Primary endpoint was met with a 34% reduction in risk of progression or death (hazard ratio [HR] 0.66, 95% CI 0.53 to 0.83; p = 0.0003). The median PFS was 5.5 months (95% CI 4.2 to 7.0) with sacizuzumab govitecan and 4.0 months (95% CI 3.1 to 4.4) with chemotherapy. The PFS at 6 and 12 months was 46% (95% CI 39 to 53) versus 30% (95% CI 24 to 37) and 21% (95% CI 15 to 28) versus 7% (95% CI 3 to 14).
Benefit with sacituzumab govitecan was seen across most of the prespecified subgroups, including patients who received at least 3 prior chemotherapies for metastatic disease, had visceral metastases, and were age 65 years or older. Overall, results are consistent with those from the HR-positive, HER2-negative cohort of the phase I/II IMMU-132-01 basket study.
Median overall survival in first planned interim analysis was not yet mature (HR 0.84; p = 0.14). Additional preplanned follow-up will provide more clarity into the survival benefit of sacituzumab govitecan in this patient population.
Key grade ≥ 3 treatment-related adverse events were neutropenia (51% in case of sacituzumab govitecan versus 38% in case of chemotherapy) and diarrhoea (9% in case of sacituzumab govitecan versus 1% in case of chemotherapy).
The authors commented that the phase III DESTINY-Breast04 study recently compared the antibody drug conjugate trastuzumab deruxtecan with chemotherapy of physician’s choice in a patient population that partially overlaps with those enrolled in TROPiCS-02. Trastuzumab deruxtecan significantly improved both PFS and OS in patients with HR-positive, HER2-low metastatic breast cancer. But, there are important differences in the study populations that limit comparisons; DESTINY-Breast04 only included patients with HER2-low less heavily pretreated disease with median number of prior chemotherapies in the metastatic setting as one, along with other differences.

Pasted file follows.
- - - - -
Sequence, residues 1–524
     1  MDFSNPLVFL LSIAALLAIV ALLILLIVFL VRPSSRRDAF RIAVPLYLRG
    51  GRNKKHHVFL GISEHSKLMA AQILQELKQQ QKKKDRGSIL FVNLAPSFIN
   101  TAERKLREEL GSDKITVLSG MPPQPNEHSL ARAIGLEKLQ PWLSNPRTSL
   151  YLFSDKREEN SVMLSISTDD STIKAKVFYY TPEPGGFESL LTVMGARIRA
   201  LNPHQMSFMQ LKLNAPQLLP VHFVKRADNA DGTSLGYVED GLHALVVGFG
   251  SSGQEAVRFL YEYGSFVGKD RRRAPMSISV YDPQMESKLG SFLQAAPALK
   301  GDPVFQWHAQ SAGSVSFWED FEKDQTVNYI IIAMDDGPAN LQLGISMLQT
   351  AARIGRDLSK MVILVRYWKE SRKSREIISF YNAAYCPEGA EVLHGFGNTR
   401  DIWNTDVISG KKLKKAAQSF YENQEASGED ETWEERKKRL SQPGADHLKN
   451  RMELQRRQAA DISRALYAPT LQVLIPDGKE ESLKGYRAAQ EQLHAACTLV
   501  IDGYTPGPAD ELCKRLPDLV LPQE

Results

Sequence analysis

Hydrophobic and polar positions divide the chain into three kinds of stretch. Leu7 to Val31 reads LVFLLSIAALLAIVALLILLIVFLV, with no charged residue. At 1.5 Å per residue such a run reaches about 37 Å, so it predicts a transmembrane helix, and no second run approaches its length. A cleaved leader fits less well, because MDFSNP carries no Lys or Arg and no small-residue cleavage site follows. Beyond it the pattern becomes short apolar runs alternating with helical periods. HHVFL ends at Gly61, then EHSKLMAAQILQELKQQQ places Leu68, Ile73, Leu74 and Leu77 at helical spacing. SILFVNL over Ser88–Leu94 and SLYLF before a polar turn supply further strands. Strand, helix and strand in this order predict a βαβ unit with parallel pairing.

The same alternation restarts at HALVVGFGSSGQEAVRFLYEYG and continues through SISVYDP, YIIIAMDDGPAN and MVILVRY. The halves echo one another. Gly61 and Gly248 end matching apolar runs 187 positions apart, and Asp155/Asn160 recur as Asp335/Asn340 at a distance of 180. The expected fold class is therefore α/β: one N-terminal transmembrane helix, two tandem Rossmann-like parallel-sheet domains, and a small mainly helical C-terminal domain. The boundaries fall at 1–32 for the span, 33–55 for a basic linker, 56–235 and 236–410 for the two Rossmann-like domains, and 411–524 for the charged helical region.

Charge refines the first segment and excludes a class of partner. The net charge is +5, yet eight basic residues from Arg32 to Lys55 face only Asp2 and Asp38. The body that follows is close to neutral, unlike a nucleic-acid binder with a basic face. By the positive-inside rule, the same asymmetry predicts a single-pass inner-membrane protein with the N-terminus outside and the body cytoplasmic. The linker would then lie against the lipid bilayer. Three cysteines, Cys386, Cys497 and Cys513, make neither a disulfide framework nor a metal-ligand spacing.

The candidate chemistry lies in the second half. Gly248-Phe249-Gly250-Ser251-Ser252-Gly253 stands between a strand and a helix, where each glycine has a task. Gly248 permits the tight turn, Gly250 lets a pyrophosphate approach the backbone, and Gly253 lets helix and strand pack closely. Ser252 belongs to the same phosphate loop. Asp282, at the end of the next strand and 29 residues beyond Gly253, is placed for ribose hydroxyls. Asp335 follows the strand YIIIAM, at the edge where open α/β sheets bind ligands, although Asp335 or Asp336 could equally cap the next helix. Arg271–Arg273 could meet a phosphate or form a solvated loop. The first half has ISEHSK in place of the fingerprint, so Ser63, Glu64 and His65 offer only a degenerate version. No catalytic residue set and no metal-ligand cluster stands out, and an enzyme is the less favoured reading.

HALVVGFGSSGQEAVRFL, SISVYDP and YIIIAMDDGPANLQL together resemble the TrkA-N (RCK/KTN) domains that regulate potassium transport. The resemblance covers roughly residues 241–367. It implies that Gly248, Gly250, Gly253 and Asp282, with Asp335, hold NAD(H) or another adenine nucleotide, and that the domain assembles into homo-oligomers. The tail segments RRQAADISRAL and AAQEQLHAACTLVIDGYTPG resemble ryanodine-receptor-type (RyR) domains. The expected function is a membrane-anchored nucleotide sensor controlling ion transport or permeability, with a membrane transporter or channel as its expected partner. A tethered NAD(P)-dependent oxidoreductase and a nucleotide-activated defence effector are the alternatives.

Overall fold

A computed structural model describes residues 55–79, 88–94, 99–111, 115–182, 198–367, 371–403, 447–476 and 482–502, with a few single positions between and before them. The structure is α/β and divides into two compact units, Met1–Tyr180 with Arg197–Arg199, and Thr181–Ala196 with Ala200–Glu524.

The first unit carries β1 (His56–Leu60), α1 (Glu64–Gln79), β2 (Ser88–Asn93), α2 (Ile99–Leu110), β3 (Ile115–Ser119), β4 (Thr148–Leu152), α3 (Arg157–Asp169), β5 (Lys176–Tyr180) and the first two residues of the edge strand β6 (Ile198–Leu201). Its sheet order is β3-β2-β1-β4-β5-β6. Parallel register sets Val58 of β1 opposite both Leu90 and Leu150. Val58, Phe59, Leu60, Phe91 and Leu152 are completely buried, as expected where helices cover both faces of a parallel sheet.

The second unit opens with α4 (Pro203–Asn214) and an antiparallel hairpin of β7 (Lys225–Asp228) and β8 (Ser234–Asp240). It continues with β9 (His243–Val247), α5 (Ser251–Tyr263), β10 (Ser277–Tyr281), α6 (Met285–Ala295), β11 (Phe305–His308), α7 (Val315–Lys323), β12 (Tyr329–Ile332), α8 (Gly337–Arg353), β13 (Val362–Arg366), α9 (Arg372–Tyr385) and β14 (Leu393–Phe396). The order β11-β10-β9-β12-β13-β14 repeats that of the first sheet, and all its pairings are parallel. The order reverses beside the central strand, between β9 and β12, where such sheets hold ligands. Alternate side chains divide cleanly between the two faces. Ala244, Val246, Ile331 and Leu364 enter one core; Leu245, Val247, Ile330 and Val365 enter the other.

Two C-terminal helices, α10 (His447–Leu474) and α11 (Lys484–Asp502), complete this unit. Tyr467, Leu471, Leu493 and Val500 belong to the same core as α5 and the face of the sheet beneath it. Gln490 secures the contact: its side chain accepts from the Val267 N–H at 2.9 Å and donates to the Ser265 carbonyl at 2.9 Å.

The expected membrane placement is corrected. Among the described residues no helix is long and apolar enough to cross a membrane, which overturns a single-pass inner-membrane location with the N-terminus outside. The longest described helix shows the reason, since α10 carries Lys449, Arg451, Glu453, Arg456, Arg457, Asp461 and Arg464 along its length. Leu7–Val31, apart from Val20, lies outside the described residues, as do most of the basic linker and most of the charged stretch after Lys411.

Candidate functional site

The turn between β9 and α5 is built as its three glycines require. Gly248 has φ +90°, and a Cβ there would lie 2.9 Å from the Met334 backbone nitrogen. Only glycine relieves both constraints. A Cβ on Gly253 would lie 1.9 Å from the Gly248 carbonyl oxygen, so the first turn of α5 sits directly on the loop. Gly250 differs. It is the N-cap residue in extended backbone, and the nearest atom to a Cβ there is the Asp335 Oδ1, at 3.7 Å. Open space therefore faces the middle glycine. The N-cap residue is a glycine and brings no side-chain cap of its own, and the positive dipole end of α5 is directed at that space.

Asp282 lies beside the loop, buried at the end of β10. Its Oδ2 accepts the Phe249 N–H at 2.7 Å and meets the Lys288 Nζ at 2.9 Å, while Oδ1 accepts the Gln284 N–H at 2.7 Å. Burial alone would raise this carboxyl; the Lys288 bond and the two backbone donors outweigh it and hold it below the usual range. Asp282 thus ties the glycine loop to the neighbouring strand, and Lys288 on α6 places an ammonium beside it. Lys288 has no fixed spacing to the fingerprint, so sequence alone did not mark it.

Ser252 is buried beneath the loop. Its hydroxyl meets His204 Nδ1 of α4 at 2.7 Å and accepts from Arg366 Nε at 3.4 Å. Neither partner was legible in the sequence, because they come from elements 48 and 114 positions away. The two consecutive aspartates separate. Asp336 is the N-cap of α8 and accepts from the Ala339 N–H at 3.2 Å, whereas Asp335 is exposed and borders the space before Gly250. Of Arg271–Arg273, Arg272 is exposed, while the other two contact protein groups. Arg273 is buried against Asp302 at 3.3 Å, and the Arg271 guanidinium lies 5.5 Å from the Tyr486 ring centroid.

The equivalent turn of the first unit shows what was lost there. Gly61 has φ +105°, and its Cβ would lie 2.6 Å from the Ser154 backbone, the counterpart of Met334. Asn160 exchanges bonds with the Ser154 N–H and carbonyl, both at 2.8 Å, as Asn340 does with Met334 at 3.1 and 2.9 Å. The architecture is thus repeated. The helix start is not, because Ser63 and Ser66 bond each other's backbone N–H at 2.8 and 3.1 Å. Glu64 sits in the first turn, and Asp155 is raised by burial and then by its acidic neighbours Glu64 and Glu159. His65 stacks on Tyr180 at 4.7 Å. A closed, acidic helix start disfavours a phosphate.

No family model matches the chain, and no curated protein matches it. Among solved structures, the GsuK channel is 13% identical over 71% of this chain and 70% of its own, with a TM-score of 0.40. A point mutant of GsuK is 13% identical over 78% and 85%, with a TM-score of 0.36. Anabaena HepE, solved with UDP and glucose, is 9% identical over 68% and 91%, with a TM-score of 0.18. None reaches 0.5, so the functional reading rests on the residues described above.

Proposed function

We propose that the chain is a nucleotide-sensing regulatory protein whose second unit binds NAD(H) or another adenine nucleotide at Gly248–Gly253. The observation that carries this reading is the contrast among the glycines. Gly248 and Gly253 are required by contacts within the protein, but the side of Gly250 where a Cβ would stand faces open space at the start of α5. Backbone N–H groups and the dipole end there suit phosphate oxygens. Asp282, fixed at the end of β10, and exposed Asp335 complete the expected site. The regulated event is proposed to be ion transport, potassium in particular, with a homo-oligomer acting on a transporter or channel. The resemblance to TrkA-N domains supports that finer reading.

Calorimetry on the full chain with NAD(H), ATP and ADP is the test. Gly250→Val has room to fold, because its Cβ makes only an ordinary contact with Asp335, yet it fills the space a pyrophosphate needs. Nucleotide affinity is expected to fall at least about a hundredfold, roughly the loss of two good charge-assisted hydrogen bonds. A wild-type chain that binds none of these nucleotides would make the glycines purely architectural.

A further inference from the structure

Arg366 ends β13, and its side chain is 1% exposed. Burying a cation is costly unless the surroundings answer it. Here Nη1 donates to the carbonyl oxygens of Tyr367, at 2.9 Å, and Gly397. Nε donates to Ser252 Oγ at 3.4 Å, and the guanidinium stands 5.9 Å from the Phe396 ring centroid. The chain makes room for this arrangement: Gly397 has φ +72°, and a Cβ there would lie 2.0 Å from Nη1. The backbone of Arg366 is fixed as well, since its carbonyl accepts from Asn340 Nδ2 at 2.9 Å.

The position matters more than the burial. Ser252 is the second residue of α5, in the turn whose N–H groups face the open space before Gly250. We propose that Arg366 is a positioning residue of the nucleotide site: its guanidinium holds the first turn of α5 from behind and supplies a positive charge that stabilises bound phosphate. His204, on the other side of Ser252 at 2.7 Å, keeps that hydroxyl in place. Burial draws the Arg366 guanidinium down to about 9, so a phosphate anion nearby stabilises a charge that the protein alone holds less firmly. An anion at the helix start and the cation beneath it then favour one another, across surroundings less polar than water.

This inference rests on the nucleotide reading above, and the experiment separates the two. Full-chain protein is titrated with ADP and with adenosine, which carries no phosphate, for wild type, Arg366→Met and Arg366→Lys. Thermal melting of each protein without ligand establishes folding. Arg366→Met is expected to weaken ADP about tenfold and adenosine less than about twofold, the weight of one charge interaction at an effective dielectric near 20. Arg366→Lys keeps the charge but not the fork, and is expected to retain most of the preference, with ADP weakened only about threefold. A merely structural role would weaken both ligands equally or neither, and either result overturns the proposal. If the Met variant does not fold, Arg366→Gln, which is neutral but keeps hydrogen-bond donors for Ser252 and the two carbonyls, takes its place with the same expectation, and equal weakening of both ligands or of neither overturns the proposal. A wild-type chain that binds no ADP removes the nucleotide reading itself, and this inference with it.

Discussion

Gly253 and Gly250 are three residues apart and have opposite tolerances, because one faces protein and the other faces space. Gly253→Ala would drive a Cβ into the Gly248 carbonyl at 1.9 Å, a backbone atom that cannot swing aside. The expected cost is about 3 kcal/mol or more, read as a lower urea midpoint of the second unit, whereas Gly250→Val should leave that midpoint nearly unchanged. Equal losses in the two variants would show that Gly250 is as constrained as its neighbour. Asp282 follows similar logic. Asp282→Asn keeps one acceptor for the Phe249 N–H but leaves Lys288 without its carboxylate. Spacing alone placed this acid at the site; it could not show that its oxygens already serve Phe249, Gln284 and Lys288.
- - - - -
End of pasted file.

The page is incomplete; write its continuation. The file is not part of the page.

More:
This study has some potential limitations. In particular 22 patients (8%) randomly assigned to the chemotherapy group were not treated, likely because of patient preference not to receive standard chemotherapy. Most patients had visceral metastases (95%), consistent with aggressive disease, and had received multiple lines of chemotherapy, which are the factors associated with shorter PFS and higher neutropenia risk. The heterogeneity of prior treatments and chemotherapy of physician’s choice options might have affected efficacy findings. Hormone receptor status was determined locally at any stage of disease, which has historically presented challenges for accurate assessment. The study did not require real-time BICR assessment of progressive disease, potentially increasing censoring.
The authors commented that sacituzumab govitecan may represent an important treatment option for patients with HR-positive, HER2-negative breast cancer after prior treatment including endocrine therapy, a CDK4/6 inhibitor and at least two lines of chemotherapy, including a taxane for advanced breast cancer. Neutropenia and diarrhoea are known adverse events with sacituzumab govitecan and should be prevented and managed according to established guidelines. Additional phase III studies evaluating sacituzumab govitecan in HR-positive breast cancer are underway, including GBG102-SASCIA and EVER-132-002.
The study was sponsored by Gilead Sciences Inc and was designed through a collaboration of the sponsor and the lead investigators.
Rugo HS, Bardia A, Marmé F. et al. Sacituzumab Govitecan in Hormone Receptor–Positive/Human Epidermal Growth Factor Receptor 2–Negative Metastatic Breast Cancer. JCO; Published online 26 August 2022. DOI: 10.1200/JCO.22.01002